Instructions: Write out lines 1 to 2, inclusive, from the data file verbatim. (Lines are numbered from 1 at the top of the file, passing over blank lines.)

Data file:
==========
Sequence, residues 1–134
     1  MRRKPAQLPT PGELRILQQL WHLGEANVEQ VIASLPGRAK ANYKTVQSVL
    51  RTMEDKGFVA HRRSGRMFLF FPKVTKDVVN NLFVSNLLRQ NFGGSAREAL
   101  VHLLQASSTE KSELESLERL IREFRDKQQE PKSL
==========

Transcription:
Sequence, residues 1–134
     1  MRRKPAQLPT PGELRILQQL WHLGEANVEQ VIASLPGRAK ANYKTVQSVL